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The Autobiography of Martin Luther King, Jr. Paperback – January 1, 2001
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Celebrated Stanford University historian Clayborne Carson is the director and editor of the Martin Luther King Papers Project; with thousands of King's essays, notes, letters, speeches, and sermons at his disposal, Carson has organized King's writings into a posthumous autobiography. In an early student essay, King prophetically penned: "We cannot have an enlightened democracy with one great group living in ignorance.... We cannot have a nation orderly and sound with one group so ground down and thwarted that it is almost forced into unsocial attitudes and crime." Such statements, made throughout King's career, are skillfully woven together into a coherent narrative of the quest for social justice. The autobiography delves, for example, into the philosophical training King received at Morehouse College, Crozer Theological Seminary, and Boston University, where he consolidated the teachings of Afro-American theologian Benjamin Mays with the philosophies of Locke, Rousseau, Gandhi, and Thoreau. Through King's voice, the reader intimately shares in his trials and triumphs, including the Montgomery Boycott, the 1963 "I Have a Dream Speech," the Selma March, and the 1964 Nobel Peace Prize. In one of his last speeches, King reminded his audience that "in the final analysis, God does not judge us by the separate incidents or the separate mistakes that we make, but by the total bent of our lives." Carson's skillful editing has created an original argument in King's favor that draws directly from the source, illuminating the circumstances of King's life without deifying his person. --Eugene Holley Jr. --This text refers to the Audible Audio Edition edition.
From Publishers Weekly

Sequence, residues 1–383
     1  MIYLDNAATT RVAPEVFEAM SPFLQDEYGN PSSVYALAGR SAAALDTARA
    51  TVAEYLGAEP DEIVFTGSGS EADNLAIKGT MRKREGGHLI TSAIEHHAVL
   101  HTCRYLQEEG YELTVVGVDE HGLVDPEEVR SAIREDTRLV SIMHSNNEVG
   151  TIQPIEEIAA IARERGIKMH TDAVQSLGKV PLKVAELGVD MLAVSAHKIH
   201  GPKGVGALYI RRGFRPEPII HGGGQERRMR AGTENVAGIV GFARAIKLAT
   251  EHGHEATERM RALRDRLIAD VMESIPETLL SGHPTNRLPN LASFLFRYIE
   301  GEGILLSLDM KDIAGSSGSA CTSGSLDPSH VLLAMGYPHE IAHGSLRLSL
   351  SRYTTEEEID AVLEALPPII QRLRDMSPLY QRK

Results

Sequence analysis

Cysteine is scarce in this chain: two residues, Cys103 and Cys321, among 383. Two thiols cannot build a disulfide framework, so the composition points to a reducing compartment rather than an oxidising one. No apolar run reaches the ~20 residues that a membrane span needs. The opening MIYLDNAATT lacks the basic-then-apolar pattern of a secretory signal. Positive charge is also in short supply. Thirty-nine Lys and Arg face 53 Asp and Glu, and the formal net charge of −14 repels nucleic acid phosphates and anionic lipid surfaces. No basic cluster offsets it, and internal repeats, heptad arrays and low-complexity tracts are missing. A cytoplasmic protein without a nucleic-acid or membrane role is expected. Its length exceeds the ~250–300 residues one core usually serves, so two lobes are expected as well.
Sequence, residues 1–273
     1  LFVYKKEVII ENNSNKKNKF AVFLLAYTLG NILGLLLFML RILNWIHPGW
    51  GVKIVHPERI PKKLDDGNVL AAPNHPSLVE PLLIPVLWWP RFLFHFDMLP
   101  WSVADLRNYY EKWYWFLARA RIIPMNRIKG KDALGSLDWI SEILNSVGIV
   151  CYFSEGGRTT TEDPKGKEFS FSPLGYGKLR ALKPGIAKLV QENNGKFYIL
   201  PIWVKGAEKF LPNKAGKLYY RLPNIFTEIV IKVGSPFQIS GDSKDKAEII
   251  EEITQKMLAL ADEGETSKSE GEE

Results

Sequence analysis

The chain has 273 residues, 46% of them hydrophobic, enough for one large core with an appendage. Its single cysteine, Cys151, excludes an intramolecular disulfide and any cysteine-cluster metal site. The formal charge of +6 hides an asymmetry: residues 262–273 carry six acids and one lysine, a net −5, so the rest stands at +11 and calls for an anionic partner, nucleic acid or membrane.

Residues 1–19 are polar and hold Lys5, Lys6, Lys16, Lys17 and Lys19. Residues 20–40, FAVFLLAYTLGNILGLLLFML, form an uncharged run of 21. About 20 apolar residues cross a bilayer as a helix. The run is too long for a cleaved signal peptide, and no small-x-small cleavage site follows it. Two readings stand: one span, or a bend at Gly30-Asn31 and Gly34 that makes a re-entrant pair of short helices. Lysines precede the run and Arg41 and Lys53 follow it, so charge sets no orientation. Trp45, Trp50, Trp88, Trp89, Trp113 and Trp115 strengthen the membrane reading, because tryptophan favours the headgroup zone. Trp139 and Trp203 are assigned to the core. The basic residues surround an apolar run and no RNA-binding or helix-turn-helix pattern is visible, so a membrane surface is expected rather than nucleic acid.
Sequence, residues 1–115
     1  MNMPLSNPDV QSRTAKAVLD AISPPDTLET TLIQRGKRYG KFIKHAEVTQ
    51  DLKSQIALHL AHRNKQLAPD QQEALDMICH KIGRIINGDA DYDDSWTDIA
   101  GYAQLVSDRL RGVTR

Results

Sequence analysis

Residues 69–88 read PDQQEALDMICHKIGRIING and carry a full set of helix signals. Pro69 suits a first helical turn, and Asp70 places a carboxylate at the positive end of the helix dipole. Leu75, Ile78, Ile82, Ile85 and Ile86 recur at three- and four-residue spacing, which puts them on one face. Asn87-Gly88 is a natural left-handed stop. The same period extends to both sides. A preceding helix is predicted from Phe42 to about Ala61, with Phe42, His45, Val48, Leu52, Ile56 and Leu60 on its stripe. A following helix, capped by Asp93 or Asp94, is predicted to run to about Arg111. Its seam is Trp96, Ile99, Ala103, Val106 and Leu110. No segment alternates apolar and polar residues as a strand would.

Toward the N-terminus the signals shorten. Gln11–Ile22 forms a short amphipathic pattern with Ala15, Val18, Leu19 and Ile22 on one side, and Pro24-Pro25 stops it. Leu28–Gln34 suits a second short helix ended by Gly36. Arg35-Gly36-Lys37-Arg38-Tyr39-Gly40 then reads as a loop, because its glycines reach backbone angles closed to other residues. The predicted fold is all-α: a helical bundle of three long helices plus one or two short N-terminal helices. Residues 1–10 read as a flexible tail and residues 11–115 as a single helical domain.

Carson, director of the Martin Luther King Jr. Papers Project and author of A Knock at Midnight: Inspiration from the Great Sermons of Reverend Martin Luther King, Jr., has pieced together an incomplete study of King's life by supplementing his extant autobiographies (e.g., Stride Toward Freedom and Where Do We Go from Here) with previously unpublished and published writings, interviews and speeches. If King's rhetorical flourishes and use of the word "negro" sometimes seem outdated, the compilation still offers a concise first-person account of his life from his birth in Atlanta in 1929 to his awakening social consciousness and discovery of the teachings of Mahatma Gandhi. History propelled King to center stage in the struggle for black liberation. When Rosa Parks refused to surrender her bus seat in 1955, the "once dormant and quiescent Negro community was now fully awake" and King, along with many others in Montgomery's black community, organized the bus boycott that would launch King into his leadership role in the civil rights movement. The book offers glimpses of King's family life as well a view of famous Americans such as Stokely Carmichael, Malcolm X and JFK. (In 1960, King did not feel "there was much difference between Kennedy and Nixon." He writes, "I felt at points that he was so concerned about being President of the United States that he would compromise basic principles.") But what is most evident throughout Carson's study is the moral courage that sustained King and allowed him to inspire a largely peaceful mass movement against segregation in the face of bloody reprisals. (Dec.) FYI: In November, Carol Publishing will release Seventh Child: A Family Memoir of Malcolm X, by his nephew Rodnell P. Collins. ($21.95 230p ISBN 1-55972-491-9)